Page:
About 100 of the world's most experienced square-dancers showed off their best do-si-dos, promenades and allemande lefts as they kicked off a four-day Callerlab convention Sunday in the Conference and Events Center Niagara Falls.
They are among about 250 Callerlab members from six countries, most of them professional square-dance callers, who are attending this year's 37th annual convention. Callerlab, headquartered in Topeka, Kan., is an international association of about 1,400 square-dance callers.
"Square-dancing is friendship set to music. People out there on the dance floor are having a great time," said Dana Schirmer, executive director of Callerlab.
"And the calls are a standardized, international language -- the calls all are in English. The calls are the same in Japan or Australia as they are in Canada and the United States," Schirmer said. "If you can square-dance here, you can square-dance anywhere."
At square-dance clubs in Japan, Sweden and Germany, people "dance in English, but they don't speak it," Callerlab boasts.
Among the dance callers at this year's convention are members from Switzerland, Great Britain, Japan, Canada, Australia and the United States.
Some of them showed off their calling techniques Sunday night at a two-hour session that was open to the public. Otherwise, convention attendance is limited to members who paid about $200 apiece to attend a series of seminars, conferences and meetings designed to hone their skills as callers.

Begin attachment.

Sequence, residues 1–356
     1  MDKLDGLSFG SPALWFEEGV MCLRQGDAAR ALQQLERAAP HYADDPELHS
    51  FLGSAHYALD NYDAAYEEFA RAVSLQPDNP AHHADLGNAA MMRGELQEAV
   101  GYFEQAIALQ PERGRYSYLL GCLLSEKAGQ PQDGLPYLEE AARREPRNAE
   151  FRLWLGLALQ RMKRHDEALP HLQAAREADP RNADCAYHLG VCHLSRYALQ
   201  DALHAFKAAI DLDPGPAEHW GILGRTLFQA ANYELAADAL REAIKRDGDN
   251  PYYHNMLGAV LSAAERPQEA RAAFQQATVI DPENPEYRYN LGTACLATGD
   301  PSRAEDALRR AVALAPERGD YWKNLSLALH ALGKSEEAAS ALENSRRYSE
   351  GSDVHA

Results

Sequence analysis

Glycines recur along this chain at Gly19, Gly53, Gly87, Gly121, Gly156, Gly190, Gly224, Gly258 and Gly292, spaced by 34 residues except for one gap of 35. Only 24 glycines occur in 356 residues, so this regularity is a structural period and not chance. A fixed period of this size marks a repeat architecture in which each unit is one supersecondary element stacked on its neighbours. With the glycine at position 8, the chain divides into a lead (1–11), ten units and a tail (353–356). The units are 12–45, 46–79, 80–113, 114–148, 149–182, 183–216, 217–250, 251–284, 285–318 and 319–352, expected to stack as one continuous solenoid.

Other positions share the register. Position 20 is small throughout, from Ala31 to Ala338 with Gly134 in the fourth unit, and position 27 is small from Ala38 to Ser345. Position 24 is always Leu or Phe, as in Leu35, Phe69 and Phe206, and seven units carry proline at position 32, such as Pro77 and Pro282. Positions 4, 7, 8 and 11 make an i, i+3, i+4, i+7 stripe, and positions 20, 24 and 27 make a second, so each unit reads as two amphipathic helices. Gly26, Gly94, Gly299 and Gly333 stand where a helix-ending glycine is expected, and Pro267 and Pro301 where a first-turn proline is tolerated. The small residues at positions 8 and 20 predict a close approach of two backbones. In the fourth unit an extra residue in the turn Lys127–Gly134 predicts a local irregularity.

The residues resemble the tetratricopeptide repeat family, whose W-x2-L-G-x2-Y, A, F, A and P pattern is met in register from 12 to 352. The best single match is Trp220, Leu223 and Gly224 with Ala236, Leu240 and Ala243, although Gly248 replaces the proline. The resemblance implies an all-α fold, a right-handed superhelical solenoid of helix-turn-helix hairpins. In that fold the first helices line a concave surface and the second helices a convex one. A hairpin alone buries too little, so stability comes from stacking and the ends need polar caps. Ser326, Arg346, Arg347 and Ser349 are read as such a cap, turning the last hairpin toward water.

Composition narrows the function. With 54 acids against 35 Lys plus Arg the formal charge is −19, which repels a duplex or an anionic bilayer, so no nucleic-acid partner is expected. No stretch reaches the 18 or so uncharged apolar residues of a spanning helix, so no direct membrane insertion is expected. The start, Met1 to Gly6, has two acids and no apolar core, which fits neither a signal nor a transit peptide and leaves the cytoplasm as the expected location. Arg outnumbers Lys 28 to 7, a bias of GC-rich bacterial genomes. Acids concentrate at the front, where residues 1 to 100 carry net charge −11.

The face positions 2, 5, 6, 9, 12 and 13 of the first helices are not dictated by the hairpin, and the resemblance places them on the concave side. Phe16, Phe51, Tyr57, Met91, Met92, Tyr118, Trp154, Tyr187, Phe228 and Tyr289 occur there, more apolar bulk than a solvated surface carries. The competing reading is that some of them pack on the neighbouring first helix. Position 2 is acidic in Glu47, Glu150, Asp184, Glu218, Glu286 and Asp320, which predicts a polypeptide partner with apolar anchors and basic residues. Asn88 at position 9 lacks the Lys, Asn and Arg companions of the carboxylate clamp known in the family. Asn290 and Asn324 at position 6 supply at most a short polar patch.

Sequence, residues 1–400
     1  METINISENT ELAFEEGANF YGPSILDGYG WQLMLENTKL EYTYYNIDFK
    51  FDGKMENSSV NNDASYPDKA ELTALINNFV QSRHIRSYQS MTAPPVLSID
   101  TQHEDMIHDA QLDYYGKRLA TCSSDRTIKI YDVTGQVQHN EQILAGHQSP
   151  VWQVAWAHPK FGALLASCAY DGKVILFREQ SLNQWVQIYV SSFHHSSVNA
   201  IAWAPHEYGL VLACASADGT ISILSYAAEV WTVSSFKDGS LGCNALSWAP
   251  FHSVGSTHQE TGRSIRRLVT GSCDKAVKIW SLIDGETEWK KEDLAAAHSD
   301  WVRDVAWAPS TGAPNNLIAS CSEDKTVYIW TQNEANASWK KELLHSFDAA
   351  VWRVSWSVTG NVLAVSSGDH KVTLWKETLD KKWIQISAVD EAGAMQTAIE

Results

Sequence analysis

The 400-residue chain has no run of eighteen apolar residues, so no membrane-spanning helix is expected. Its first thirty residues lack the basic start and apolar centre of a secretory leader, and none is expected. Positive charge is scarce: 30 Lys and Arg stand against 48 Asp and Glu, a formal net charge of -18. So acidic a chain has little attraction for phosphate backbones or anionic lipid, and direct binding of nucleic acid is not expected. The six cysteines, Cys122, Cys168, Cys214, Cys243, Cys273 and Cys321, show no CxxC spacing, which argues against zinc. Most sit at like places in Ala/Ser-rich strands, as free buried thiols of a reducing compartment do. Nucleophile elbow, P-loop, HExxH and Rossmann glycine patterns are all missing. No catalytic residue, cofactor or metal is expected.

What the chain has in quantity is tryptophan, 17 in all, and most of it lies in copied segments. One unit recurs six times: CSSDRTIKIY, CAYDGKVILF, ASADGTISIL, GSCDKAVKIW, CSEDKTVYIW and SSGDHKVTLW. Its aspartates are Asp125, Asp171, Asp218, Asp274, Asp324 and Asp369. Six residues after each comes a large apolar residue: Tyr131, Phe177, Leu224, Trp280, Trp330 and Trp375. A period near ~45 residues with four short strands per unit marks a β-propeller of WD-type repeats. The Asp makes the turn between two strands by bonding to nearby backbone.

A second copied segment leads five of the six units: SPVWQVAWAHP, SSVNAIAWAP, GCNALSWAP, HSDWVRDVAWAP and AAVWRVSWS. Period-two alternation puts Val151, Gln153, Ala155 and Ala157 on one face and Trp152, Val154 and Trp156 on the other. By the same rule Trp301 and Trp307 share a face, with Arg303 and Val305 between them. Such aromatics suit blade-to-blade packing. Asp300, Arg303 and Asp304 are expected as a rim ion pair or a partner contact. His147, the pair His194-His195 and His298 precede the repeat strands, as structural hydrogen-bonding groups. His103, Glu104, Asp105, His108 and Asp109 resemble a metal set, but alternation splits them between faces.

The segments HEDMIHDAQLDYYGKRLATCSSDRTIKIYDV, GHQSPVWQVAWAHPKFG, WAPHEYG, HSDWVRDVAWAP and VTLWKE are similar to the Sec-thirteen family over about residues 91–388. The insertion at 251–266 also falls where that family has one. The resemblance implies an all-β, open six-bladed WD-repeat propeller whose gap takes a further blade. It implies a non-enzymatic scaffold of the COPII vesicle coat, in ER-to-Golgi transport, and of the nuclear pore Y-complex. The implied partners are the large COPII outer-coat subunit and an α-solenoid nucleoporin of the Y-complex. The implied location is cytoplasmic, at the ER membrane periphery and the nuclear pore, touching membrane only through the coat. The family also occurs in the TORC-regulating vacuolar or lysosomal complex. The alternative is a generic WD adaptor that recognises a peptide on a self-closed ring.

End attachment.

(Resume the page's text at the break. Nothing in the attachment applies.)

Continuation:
"They are here to learn and to make friends," Schirmer said. "There is something magical about touching hands. There are no strangers among square-dancers; there are just friends you haven't met yet."
"Modern square-dancing is exercise for the body and mind," Schirmer said.
"Moving in rhythm to the music keeps you physically fit," according to the organization's recruiting pamphlet. "Reacting quickly to the square-dance caller's calls keeps you mentally on your toes. And your team of eight dancers depends on you to keep those toes moving."
Almost every popular song has been adapted for square-dance calling, Schirmer said.
Noting that square-dancing attracts many older people, Schirmer said younger people seem reluctant to commit the amount of time it takes to become a professional dance-caller.
"We are trying to attract more young people," he continued. "I do a lot of teenage parties. And we're having a seminar here this week to talk about how to do more of that."